Sunday, June 10, 2007

Transistor Radios and First Loves

by Sandra Cormier, CWC Guest

During recess, I sat against the warm brick wall with my book held high, knees drawn up and shoulders rounded. I glanced furtively from under my unkempt bangs when he ran past, playing tag with his friends.

Afternoon sunlight spilled around his golden hair like a halo. His cheeks flushed with high-spirited exertion. He looked like Mark Lester. I saw him glance at me more than once, and I knew he liked me. My friends had told me so.

He was in Mrs. Smith's class, and I was in Mr. Baum's. We never spoke directly to each other, but I often dreamed that I actually said Hi to him in the school stairwell. The thought of speaking to him sent my heart slamming in my chest until I felt it would leap out, slopping on the floor as I shrank with embarrassment.

As the spring progressed, tokens were exchanged – a bag of chips, a chocolate bar, a lollipop. One day in the last weeks of school, my girlfriend handed me a little paper bag, and inside was a golden box. A cardboard box, about two inches square. I opened it and saw through tear-blurred eyes a little gilt salamander nestled in a bed of synthetic cotton. Its eyes were red glass, like rubies. It was more beautiful than anything I'd ever seen – more beautiful than the alexandrite ring my father had given me on my ninth birthday.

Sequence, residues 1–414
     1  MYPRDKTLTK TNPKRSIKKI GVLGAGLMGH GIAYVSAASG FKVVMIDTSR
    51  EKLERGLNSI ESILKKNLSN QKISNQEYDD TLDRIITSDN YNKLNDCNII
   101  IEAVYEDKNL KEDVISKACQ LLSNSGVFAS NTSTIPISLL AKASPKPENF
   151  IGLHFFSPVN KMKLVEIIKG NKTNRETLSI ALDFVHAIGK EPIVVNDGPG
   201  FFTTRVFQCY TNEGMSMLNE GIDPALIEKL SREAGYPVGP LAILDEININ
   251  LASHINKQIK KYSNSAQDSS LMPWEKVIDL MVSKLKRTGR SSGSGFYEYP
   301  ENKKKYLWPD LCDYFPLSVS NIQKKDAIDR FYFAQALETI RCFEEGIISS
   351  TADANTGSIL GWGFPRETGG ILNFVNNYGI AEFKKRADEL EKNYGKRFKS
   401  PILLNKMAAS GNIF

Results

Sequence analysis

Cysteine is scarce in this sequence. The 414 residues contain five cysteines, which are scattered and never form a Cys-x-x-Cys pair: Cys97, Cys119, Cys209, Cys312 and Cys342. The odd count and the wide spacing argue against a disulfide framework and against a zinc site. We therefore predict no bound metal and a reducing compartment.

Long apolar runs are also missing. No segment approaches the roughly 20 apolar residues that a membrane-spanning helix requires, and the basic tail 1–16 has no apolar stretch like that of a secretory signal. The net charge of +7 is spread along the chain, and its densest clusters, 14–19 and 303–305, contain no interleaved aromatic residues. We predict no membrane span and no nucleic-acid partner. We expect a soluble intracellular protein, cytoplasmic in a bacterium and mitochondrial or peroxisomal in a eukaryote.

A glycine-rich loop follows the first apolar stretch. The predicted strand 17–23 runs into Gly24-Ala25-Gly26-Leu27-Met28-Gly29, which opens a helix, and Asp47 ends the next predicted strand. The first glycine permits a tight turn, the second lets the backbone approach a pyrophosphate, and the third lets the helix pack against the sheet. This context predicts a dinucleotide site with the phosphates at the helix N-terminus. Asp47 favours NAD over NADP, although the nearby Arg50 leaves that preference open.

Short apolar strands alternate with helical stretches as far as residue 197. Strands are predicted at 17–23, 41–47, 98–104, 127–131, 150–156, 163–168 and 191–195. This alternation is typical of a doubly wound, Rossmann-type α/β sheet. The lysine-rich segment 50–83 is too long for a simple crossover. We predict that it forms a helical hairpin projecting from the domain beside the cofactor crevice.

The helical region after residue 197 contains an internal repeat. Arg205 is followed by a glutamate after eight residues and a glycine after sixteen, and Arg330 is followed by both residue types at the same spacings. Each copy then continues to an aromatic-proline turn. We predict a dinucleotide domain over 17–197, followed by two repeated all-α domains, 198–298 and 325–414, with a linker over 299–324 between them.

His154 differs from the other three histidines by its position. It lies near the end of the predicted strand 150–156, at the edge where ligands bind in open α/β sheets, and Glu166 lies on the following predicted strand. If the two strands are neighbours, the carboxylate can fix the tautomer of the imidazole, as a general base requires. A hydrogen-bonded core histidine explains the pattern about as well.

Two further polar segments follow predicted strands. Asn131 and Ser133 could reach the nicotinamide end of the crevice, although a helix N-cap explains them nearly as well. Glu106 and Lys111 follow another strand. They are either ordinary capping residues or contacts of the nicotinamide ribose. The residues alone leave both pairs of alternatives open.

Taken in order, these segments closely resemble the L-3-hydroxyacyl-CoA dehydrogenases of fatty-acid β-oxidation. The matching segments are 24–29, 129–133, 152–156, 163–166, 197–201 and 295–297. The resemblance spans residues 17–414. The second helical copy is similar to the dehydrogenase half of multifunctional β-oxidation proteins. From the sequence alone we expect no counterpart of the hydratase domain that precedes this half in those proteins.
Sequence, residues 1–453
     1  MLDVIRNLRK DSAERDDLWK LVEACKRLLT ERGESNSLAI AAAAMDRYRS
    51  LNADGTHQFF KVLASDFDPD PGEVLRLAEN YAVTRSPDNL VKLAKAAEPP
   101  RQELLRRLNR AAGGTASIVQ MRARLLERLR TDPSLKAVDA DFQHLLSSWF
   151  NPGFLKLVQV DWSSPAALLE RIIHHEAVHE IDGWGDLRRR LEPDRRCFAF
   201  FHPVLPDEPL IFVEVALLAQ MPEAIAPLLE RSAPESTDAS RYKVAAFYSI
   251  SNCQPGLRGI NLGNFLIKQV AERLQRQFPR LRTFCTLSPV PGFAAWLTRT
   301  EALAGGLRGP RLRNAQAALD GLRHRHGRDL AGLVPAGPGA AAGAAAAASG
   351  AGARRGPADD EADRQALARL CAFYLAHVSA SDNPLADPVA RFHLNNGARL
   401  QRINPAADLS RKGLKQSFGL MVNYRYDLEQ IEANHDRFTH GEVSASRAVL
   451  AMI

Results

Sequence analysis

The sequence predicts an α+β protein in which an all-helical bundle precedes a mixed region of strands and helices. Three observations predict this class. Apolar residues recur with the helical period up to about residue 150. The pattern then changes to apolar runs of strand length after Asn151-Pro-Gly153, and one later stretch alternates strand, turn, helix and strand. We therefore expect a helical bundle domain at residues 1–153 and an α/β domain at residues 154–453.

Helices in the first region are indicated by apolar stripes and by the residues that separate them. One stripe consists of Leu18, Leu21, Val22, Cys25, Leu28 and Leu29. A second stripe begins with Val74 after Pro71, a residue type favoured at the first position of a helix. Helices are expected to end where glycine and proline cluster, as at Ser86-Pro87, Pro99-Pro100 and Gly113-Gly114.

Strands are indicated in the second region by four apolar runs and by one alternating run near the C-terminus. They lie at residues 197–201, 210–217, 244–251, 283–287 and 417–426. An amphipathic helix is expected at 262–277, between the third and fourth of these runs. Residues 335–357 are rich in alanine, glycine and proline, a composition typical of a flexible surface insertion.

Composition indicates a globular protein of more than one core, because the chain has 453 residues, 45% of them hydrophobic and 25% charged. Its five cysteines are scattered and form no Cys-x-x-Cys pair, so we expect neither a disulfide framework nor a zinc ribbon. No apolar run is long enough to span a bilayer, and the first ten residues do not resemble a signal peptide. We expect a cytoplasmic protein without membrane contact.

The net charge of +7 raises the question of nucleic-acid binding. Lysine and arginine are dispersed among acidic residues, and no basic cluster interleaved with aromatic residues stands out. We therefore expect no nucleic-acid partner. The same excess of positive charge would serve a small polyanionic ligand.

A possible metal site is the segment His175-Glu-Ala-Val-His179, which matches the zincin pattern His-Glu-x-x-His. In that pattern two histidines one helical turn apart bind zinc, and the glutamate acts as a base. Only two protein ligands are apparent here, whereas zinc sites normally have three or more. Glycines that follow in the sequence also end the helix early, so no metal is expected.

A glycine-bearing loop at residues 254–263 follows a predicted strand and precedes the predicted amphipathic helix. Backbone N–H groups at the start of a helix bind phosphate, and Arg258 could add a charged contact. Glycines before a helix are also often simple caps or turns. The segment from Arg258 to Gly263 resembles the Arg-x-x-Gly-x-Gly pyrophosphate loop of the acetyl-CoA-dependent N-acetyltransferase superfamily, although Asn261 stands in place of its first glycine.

Wracking my brain to think of an appropriate gift to send in return, I took the pin home and showed it to my mother. Big mistake.

"He obviously stole it from his mother's jewellery box," she declared. "You have to return it."

I didn't want to. I cried and sobbed and begged and argued, but there was no changing her mind. With a heavy heart, I sent it back via my friend, with a little note explaining that I wasn't allowed to keep it.

We still stole looks at each other until school ended. All I had was a name: Andrew Gabland. Friends told me he was from Czechoslovakia. I didn't know where he lived, and promised myself when summer was over, I'd march right up to him and say hello.

I played the scene over and over in my head throughout the summer. As the weather heated up, I hung out at the apartment pool with the other kids, wearing my new 'wet look' bathing suit.